Princeton University Library Catalog

Modeling the Ongoing Hepatitis C Outbreak Among Injection Drug Users in West Virginia: Can Early Initiation of Sofosbuvir and/or Suboxone Reduce Hepatitis C Disease Burden for People Who Inject Drugs?

Jafari, Alexander [Browse]
Senior thesis
Grenfell, Bryan [Browse]
Woodrow Wilson School of Public and International Affairs [Browse]
Class year:
97 pages
Summary note:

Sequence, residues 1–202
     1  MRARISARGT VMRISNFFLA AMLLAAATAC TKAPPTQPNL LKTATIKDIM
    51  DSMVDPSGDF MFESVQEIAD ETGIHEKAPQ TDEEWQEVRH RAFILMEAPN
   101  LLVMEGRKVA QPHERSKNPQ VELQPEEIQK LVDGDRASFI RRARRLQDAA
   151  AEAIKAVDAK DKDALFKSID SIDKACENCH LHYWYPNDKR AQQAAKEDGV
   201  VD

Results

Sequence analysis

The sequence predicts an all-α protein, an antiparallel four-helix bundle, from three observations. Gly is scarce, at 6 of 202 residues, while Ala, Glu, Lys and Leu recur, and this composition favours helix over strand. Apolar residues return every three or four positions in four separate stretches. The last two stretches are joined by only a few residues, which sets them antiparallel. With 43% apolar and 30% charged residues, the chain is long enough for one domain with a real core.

Background Hepatitis C Virus (HCV) infection is a pressing public health issue worldwide, as nearly 180 million people are currently infected. Similarly, in the United States, people who inject drugs (PWID) are disproportionately a ected by HCV and they generally constitute a large portion of the HCV disease burden. An ongoing outbreak of hepatitis C virus (HCV) among people who inject drugs (PWID) in West Virginia (WV) has been recently reported by the Centers for Disease Control and Prevention (CDC). It is interesting to note that WV has also maintained the highest rate of drug overdose deaths in the U.S. for the past few years. The demographic makeup of this current outbreak is mainly non-Hispanic whites aged less than 30 years. Recently, physicians in WV have begun prescribing buprenorphine/naloxone (suboxone) to aid PWID in recovering from their opiate addiction. Under the Medicaid program in WV, treatment for HCV with direct-acting-antivirals (DAAs) such as sofosbuvir in infected patients is delayed until F3 METAVIR (Meta-analysis of Histologic Data in Viral Hepatitis) stage of liver brosis|when signi cant scarring of the liver tissue may have already occurred. In WV, the policy is to only treat ex-IDUs or those individuals on opiate substitution therapy (OST) for HCV infection. In this thesis, it is hypothesized that early initiation of sofosbuvir and/or suboxone (OST) may be able to reduce hepatitis C disease burden for PWID. Methods A deterministic compartmental transmission model of HCV with layers incorporated for PWID demography was constructed in MATLAB R2015b (v. 8.6). The HCV component of the model was subdivided into eight compartments, each representing a speci c stage of HCV infection. The PWID demographic trajectory was strati ed among four classes, representing the transition from current IDU to ex-IDU or into opiate substitution therapy (i.e. suboxone). The model created was calibrated to HCV prevalence data between 2001 and 2010 from the West Virginia Department of Health and Human Resources (WV DHHR). Interventions were simulated for three di erent trajectories of increasing treatment coverage: modest, moderate, and optimal. Results The mathematical model constructed accurately re ected the trends in HCV among current and ex-IDUs in WV. Moderate interventions of both suboxone and sofosbuvir scale-up are able to reach a -25% change from the baseline scenario. When scaling up treatment coverage for just ex-IDUs in WV (current policy in WV), there was no change in the prevalence for current IDUs, which suggests that a large contributor of the HCV disease burden is left out. Similarly, there was no change in the incidence among current IDUs following ex-IDU scale-up alone. 7 Conclusion The results of this thesis suggest that if the WV government continues with just treating ex-IDUs, a large portion the HCV disease burden caused by current IDUs will be neglected. This thesis shows that a potential \treatment as prevention" intervention (even with modest coverage proportions) can be bene cial in ameliorating the HCV outbreak among PWID in WV.